Verses 14–25

While Solomon kept closely to God and to his duty there was no adversary nor evil occurrent (1 Kgs. 5:4), nothing to create him any disturbance or uneasiness in the least; but here we have an account of two adversaries that appeared against him, inconsiderable, and that could not have done any thing worth taking notice of if Solomon had not first made God his enemy. What hurt could Hadad or Rezon have done to so great and powerful a king as Solomon was if he had not, by sin, made himself mean and weak? And then those little people menace and insult him. If God be on our side, we need not fear the greatest adversary; but, if he be against us, he can made us fear the least, and the very grasshopper shall be a burden. Observe,

I. Both these adversaries God stirred up, 1 Kgs. 11:14, 23. Though they themselves were moved by principles of ambition or revenge, God made use of them to serve his design of correcting Solomon. The principal judgment threatened was deferred, namely, the rending of the kingdom from him, but he himself was made to fee the smart of the rod, for his greater humiliation. Note, Whoever are, in any way, adversaries to us, we must take notice of the hand of God stirring them up to be so, as he bade Shimei curse David; we must look through the instruments of our trouble to the author of it and hear the Lord’s controversy in it.

II. Both these adversaries had the origin of their enmity to Solomon and Israel laid in David’s time, and in his conquests of their respective countries, 1 Kgs. 11:15, 24. Solomon had the benefit and advantage of his father’s successes both in the enlargement of his dominion and the increase of his treasure, and would never have known any thing but the benefit of them if he had kept closely to God; but now he finds evils to balance the advantages, and that David had made himself enemies, who were thorns in his sides. Those that are too free in giving provocation ought to consider that perhaps it may be remembered in time to come and returned with interest to theirs after them; having so few friends in this world, it is our wisdom not to make ourselves more enemies than we needs must.

1. Hadad, an Edomite, was an adversary to Solomon. We are not told what he did against him, nor which way he gave him disturbance, only, in general, that he was an adversary to him: but we are told, (1.) What induced him to bear Solomon a grudge. David had conquered Edom, 2 Sam. 8:14. Joab put all the males to the sword, 1 Kgs. 11:15, 16. A terrible execution he made, avenging on Edom their old enmity to Israel, yet perhaps with too great a severity. From this general slaughter, while Joab was burying the slain (for he left not any alive of their own people to bury them, and buried they must be, or they would be an annoyance to the country, Ezek. 39:12), Hadad, a branch of the royal family, then a little child, was taken and preserved by some of the king’s servants, and conveyed to Egypt, 1 Kgs. 11:17. They halted by the way, in Midian first, and then in Paran, where they furnished themselves with men, not to fight for them or force their passage, but to attend them, that their young master might go into Egypt with an equipage agreeable to his quality. There he was kindly sheltered and entertained by Pharaoh, as a distressed prince, as well provided for, and so recommended himself that, in process of time, he married the queen’s sister (1 Kgs. 11:19), and by her had a child, which the queen herself conceived such a kindness for that she brought him up in Pharaoh’s house, among the king’s children. (2.) What enabled him to do Solomon a mischief. Upon the death of David and Joab, he returned to his own country, in which, it should seem, he settled and remained quiet while Solomon continued wise and watchful for the public good, but from which he had opportunity of making inroads upon Israel when Solomon, having sinned away his wisdom as Samson did his strength (and in the same way), grew careless of public affairs, was off his guard himself, and had forfeited the divine protection. What vexation Hadad gave to Solomon we are not here told, but only how loth Pharaoh was to part with him and how earnestly he solicited his stay (1 Kgs. 11:22): What hast thou lacked with me? “Nothing,” says Hadad; “but let me go to my own country, my native air, my native soil.” Peter Martyr has a pious reflection upon this: “Heaven is our home, and we ought to keep up a holy affection to that, and desire towards it, even when the world, the place of our banishment, smiles most upon us.” Does it ask, What have you lacked, that you are so willing to be gone? We may answer, “Nothing that the world can do for us; but still let us go thither, where our hope, and honour, and treasure are.”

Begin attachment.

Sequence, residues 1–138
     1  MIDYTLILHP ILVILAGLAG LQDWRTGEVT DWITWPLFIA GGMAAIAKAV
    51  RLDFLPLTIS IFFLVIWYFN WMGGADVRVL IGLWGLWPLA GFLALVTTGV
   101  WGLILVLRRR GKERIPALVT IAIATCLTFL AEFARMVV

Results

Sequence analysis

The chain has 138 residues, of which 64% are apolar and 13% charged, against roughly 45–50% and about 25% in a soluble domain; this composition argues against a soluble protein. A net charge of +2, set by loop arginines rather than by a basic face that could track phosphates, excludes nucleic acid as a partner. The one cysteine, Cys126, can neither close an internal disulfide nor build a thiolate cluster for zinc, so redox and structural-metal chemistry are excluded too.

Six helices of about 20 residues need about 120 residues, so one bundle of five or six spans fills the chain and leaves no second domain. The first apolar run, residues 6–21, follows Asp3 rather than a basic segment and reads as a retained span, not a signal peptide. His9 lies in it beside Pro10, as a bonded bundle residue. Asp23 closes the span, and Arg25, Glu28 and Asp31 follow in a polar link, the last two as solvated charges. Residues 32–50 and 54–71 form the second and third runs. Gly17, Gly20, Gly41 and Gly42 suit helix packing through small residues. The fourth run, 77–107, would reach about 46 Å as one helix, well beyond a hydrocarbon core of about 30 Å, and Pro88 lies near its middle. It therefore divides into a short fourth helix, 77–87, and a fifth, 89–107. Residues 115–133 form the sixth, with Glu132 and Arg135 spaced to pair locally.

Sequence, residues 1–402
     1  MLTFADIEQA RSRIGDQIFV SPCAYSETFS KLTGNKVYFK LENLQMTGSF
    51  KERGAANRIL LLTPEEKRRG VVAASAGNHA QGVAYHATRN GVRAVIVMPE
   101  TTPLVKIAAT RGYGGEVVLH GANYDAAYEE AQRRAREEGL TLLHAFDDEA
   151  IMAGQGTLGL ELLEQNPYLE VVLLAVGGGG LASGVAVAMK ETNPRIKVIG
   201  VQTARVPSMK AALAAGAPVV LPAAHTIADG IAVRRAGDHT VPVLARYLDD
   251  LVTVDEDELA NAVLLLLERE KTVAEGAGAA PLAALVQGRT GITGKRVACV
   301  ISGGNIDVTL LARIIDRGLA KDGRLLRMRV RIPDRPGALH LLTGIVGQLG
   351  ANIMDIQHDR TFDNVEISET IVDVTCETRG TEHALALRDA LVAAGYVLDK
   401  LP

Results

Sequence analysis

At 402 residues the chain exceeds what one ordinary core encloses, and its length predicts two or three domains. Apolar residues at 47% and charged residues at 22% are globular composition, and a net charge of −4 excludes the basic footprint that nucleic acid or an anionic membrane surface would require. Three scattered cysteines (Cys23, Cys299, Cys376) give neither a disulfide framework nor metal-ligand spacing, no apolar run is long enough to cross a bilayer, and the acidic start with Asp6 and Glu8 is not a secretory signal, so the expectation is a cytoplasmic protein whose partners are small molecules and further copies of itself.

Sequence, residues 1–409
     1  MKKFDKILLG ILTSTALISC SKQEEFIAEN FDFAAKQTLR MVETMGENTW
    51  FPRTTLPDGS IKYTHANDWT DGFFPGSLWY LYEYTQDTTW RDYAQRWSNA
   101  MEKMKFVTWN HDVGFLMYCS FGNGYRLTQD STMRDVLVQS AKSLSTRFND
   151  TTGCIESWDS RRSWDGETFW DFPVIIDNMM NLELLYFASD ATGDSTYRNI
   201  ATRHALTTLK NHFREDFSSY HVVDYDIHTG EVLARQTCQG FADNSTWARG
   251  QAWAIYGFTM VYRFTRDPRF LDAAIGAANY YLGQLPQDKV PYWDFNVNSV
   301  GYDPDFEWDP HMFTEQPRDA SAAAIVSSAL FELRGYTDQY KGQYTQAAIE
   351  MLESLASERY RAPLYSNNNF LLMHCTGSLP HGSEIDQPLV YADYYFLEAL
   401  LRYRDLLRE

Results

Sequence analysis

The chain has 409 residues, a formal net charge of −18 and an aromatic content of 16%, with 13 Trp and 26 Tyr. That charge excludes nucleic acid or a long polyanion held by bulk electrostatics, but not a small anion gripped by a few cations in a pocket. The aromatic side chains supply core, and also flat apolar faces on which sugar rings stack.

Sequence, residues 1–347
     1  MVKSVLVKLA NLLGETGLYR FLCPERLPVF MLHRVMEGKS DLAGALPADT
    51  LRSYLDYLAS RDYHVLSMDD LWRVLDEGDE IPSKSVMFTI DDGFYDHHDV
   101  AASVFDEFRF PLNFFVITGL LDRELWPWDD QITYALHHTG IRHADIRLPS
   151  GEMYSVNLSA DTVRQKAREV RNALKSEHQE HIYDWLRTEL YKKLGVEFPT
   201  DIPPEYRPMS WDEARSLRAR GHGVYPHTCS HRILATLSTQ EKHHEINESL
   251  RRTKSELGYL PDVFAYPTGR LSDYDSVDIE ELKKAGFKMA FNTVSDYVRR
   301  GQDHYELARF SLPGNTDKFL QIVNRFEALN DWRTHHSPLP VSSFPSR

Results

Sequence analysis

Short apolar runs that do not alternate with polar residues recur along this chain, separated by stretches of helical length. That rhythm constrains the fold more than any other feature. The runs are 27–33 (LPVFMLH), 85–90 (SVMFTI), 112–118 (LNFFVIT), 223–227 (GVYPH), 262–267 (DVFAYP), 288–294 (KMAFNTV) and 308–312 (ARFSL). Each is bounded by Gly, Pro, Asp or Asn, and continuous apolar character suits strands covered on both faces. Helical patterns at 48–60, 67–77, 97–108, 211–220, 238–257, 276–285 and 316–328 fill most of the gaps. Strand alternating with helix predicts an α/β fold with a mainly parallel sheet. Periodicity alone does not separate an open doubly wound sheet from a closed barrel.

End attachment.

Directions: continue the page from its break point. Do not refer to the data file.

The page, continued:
2. Rezon, a Syrian, was another adversary to Solomon. When David conquered the Syrians 46ac , he headed the remains, lived at large by spoil and rapine, till Solomon grew careless, and then he got possession of Damascus, reigned there (1 Kgs. 11:24) and over the country about (1 Kgs. 11:25), and he created troubles to Israel, probably in conjunction with Hadad, all the days of Solomon (namely, after his apostasy), or he was an enemy to Israel during all Solomon’s reign, and upon all occasions vented his then impotent malice against them, but till Solomon’s revolt, when his defence had departed from him, he could not do them any mischief. It is said of him that he abhorred Israel. Other princes loved and admired Israel and Solomon, and courted their friendship, but here was one that abhorred them. The greatest and best of princes and people, however much they may in general be respected, will yet perhaps be hated and abhorred by some.